There are several revisions to the Department’s corporate charging policy, but I would like please to discuss briefly a few of the principal changes.
First, credit for cooperation will not depend on whether a corporation has waived attorney-client privilege or work product protection, or produced materials protected by attorney-client or work-product protections. It will depend on the disclosure of facts. Corporations that timely disclose relevant facts may receive due credit for cooperation, regardless of whether they waive attorney-client privilege or work product protection in the process. Corporations that do not disclose relevant facts typically may not receive such credit, just like any other defendant.
To put it another way, corporations will receive the same credit for disclosing facts that are contained in unprotected materials as they would for disclosing the identical facts contained in protected materials. The government will assess neither a credit nor a penalty based on whether the disclosed materials are protected by the attorney-client privilege or attorney work product.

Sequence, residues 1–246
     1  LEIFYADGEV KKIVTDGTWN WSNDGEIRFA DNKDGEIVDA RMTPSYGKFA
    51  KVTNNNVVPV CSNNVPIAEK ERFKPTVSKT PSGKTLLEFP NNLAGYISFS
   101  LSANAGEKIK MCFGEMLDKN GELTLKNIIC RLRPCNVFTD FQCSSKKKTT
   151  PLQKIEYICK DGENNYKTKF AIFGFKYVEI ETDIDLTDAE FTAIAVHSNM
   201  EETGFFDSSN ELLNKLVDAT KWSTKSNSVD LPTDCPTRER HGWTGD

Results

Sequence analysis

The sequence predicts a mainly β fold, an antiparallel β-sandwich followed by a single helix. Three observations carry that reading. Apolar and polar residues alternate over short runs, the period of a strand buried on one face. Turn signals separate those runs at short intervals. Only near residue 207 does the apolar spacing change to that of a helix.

Second, prior Department policy allowed federal prosecutors to request, under certain conditions, that a corporation disclose non-factual attorney-client privileged communications and work product, such as legal advice. This is what the old guidelines designated “Category II” information, and it lies at the core of the attorney-client privilege and work product protection. The new policy forbids prosecutors from asking for such information, with only two exceptions, both of which are well-recognized in existing law.
The sort of core attorney-client communications I’m talking about might occur, for example, when a salesperson at a pharmaceutical company asks the general counsel’s office whether her marketing practices were lawful under a complicated body of potentially applicable federal law. Permitting and respecting the need for such attorney-client communications is particularly important, because such dialogue is often a necessary, and typically a salutary, part of a company’s effort to obey the law on an ongoing basis.